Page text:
The Rappahannock Board of Supervisors has announced a search for county residents willing to volunteer for an ad hoc broadband committee.
Compliments to County Administrator Debbie Keyser for proposing the committee.
Citizens interested in serving should send a cover letter stating knowledge of broadband issues, plus experience, education and interest. Mail it to County Administrator Debbie Keyser by Monday, Oct. 17.
We hope citizens with experience and moxie step up and serve.
The importance of internet broadband to local citizens was demonstrated nearly a year ago when 42 percent of Rappahannock County households completed and returned the Foothills Forum Survey. Concern for internet broadband ranked No. 1 among 25 randomly presented issues, cited by 1,043 responding households. The survey found that one in five homes lacks internet access; one in three lacks cell service, the No. 2 issue. The Rappahannock News published the survey results in a three-part series in April. In August the News presented a three-part series by nationally respected journalist Randy Rieland, our Rappahannock County neighbor. He researched and reported on the county’s history with broadband, citing 15 years of status quo. He interviewed leaders across government, public safety, education and business who spoke of a need to balance internet broadband and cell availability with respect for the county’s unique environment. The series compared where Rappahannock stands vs. surrounding counties as their leaders move to address this regional concern. A packed house at Tula’s on Gay Street joined Rieland, Foothills and the News at a public forum and Q&A on the topics.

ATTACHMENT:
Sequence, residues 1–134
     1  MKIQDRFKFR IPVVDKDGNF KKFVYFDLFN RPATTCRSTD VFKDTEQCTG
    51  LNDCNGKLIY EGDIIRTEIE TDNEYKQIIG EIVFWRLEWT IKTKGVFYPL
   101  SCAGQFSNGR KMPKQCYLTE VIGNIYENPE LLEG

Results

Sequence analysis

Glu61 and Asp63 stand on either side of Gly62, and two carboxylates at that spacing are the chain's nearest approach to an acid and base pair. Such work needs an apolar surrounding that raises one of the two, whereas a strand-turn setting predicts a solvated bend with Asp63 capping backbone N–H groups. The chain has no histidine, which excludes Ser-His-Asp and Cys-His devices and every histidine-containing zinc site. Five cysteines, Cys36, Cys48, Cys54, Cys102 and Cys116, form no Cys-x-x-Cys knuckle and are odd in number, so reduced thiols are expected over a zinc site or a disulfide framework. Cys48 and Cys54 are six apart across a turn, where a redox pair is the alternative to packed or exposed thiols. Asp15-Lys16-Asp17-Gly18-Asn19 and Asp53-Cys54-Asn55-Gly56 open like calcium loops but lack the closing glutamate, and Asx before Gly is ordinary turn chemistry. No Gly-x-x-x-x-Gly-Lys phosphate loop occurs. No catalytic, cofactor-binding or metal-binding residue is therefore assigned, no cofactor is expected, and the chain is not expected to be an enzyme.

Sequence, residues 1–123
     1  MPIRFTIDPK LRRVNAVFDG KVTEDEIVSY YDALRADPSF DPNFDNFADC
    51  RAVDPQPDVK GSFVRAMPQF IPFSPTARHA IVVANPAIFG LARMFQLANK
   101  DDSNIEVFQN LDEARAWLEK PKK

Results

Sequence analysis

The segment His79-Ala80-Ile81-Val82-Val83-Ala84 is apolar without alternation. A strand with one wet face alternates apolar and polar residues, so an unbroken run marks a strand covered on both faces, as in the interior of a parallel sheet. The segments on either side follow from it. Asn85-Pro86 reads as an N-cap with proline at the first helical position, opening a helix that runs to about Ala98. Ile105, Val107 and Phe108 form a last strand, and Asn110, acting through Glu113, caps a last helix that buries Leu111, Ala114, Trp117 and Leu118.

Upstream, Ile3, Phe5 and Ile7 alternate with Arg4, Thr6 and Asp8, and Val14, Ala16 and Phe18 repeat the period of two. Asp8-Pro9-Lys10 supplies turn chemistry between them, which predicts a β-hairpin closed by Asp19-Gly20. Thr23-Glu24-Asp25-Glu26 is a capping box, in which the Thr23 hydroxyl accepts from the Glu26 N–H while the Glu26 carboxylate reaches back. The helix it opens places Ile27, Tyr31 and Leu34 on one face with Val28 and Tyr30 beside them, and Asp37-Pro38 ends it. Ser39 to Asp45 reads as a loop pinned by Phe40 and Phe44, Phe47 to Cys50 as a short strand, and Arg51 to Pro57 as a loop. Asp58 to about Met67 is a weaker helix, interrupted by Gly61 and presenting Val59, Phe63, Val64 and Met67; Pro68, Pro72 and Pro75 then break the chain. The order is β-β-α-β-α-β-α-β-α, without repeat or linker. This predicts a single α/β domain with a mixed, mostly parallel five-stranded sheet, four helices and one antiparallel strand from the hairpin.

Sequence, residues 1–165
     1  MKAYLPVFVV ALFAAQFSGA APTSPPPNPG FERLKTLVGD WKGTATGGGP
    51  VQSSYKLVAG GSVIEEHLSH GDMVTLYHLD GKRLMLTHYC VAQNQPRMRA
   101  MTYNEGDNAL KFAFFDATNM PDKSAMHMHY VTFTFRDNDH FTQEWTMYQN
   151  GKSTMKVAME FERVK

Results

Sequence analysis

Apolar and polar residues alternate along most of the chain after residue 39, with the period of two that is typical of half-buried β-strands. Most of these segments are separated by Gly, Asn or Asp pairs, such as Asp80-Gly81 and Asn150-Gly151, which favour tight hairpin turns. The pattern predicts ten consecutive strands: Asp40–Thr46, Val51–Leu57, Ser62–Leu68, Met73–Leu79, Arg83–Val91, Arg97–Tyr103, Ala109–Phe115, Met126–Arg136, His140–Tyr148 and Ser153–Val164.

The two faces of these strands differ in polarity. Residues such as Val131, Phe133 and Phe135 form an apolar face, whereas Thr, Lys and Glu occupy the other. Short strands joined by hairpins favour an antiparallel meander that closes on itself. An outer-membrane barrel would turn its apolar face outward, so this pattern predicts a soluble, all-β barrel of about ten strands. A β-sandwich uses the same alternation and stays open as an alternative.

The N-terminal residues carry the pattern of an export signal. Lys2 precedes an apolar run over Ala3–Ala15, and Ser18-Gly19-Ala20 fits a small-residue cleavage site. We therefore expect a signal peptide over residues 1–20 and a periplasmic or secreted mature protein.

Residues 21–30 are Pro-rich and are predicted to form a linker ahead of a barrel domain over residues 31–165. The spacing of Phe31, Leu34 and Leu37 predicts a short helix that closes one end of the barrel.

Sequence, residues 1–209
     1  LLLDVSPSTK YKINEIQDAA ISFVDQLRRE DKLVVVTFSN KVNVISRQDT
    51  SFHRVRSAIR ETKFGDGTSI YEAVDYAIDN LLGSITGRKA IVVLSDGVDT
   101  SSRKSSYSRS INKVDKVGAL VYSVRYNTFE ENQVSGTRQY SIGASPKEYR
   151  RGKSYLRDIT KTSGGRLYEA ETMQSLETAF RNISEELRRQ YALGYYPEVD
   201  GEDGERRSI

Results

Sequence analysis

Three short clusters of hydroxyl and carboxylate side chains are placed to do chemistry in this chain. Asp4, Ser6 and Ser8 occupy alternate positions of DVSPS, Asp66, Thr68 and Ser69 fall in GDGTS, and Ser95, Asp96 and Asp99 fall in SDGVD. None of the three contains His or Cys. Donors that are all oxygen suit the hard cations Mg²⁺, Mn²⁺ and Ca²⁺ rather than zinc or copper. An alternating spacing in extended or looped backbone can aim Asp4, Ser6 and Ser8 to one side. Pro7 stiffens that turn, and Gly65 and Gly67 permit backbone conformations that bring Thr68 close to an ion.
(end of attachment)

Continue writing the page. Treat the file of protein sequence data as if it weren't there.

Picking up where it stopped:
Foothills Forum’s interest is straightforward. Objective. We’re not the advocates for broadband or any other issue.
What we did was help identify what matters most to Rappahannock citizens, then channel community-provided funding for research and reporting on those issues.
The volunteer members will serve with Keyser and Supervisor John Lesinski.
As Rieland pointed out, there are no silver bullets. Perhaps the committee can take a second look at the August series to pursue some of the no-cost-to-government approaches cited there. Not to mention, we hope they’ll look into a September announcement of field trials by AT&T Labs’ of a new wireless technology dubbed Project AirGig that mounts small transmitters on existing low-profile power lines.
So contact your supervisor to express interest, and mail that packet to Debbie Keyser.